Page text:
In Deuteronomy 6 we are encouraged to love the Lord our God with all our heart, all our soul, and all our strength. We are encouraged to share the story and commands of God with our children when we are at home or on the road; when we go to bed, and when we are getting up. In short, we are to immerse ourselves in the redemptive narrative of God. The early Hebrews held festivals throughout the year, recounting and celebrating the way God had revealed himself to them as a nation. Similarly, celebrating the various festivals of the Christian year is a way to mark time and to emphasize the various aspects of the life of Christ and the story of redemption.

Advent is a season of remembrance and anticipation. During the four Sundays before Christmas we remember the first coming of Christ. However, we also anticipate Christ's second advent, his second coming when all things will be made new, when there will be no more tears and no more sorrow. It is clear from reading the New Testament epistles that the early church looked ahead to Christ's second advent, but somewhere in the Middle Ages the posture shifted and the church started looking back during the season that came to be called Advent. Advent became faith gazing in the rear-view mirror. 

One author shares how the church ought to cultivate its memory of Christ's first coming and do so with celebrative rituals and songs. However, an unfortunate liability of this season in our consumer culture is that it becomes nostalgic and a wave of sentimentality floods over our faith. Thus, Christ's coming become "too cute and is ultimately lost in the past as only a memory."1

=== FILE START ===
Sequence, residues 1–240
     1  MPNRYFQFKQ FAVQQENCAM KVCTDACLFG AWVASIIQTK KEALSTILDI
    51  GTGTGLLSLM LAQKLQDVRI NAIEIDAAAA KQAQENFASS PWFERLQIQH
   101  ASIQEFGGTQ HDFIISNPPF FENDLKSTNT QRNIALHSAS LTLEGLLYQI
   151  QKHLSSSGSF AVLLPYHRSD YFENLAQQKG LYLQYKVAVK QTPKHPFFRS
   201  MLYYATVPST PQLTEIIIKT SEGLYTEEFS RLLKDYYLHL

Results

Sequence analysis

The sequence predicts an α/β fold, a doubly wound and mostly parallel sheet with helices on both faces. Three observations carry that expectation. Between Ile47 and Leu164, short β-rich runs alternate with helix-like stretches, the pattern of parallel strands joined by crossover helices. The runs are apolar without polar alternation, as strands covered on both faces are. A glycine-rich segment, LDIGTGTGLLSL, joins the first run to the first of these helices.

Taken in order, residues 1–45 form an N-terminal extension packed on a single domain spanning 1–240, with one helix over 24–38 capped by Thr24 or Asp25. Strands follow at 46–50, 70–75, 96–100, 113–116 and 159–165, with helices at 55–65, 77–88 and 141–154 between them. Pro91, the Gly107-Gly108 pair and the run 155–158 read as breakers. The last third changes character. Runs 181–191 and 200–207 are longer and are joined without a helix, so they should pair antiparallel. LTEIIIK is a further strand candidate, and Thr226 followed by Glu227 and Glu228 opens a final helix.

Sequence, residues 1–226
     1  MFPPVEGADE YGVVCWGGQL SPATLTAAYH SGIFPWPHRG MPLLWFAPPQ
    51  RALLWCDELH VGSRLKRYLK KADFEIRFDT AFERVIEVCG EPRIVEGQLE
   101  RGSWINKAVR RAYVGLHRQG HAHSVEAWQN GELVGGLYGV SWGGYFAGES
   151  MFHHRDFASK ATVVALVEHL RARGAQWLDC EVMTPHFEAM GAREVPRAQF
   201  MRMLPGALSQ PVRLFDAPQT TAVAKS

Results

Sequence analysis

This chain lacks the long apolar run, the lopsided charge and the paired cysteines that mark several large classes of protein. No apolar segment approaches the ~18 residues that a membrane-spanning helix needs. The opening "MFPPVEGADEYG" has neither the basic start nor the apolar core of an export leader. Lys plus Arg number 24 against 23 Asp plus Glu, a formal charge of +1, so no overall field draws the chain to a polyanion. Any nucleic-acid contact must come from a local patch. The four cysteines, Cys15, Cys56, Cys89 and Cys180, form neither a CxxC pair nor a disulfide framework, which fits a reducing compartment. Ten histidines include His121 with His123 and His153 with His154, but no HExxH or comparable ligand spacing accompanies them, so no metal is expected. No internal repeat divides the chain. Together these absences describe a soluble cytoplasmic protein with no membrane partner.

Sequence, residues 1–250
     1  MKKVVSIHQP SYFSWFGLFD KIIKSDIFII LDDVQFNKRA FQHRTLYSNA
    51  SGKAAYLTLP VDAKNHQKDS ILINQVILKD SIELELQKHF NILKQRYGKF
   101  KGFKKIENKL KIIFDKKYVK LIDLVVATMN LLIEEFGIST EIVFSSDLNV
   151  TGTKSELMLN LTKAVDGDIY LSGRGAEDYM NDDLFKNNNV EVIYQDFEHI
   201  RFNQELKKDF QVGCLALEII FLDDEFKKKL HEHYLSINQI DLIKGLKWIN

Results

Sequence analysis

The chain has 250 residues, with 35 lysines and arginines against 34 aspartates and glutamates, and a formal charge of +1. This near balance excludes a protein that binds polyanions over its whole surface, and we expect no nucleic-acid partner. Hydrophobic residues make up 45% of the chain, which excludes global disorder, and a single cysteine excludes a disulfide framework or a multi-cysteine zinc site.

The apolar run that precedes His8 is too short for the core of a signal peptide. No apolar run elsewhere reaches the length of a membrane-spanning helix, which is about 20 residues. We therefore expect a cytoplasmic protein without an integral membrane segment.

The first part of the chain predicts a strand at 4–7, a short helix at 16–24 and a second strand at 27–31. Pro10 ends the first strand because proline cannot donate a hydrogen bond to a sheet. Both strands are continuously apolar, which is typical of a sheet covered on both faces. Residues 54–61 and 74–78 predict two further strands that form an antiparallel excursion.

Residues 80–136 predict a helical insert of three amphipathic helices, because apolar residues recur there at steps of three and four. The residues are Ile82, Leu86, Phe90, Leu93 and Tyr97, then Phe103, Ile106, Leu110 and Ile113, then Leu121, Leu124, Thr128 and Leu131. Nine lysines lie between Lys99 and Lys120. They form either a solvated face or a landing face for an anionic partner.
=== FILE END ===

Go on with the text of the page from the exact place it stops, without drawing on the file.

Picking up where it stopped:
This Advent series is meant to be a recovery of the early tradition of looking ahead and a corrective to the nostalgic default. "Come, Lord Jesus" is one of the final prayers of the New Testament (Revelation 22:20). For us, during this Advent season, it means we commemorate the first coming of Christ, but we also anticipate his second coming. We are people of both memory and hope.

In the coming weeks I will be sharing a new post for each of the Sundays in Advent and for Christmas Eve. I hope it will serve as a way for you to engage with this season.

1 Peter Schuurman and Mark Wallace, "Advent Then and Now," Reformed Worship 121 (September 2016) 19. The initial inspiration for this series began with this recent article in Reformed Worship.


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